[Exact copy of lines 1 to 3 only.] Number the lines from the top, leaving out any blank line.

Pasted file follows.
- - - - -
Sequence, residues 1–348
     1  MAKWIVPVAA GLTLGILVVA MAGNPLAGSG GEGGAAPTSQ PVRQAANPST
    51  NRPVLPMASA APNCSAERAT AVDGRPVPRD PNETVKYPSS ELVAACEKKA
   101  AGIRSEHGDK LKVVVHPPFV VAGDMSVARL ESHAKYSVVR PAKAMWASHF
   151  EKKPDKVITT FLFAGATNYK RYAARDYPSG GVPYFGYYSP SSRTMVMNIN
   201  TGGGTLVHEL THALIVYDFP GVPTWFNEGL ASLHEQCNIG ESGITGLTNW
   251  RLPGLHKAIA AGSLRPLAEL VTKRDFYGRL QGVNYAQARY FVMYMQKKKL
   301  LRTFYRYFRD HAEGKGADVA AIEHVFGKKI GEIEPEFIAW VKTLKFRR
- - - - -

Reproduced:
Sequence, residues 1–348
     1  MAKWIVPVAA GLTLGILVVA MAGNPLAGSG GEGGAAPTSQ PVRQAANPST
    51  NRPVLPMASA APNCSAERAT AVDGRPVPRD PNETVKYPSS ELVAACEKKA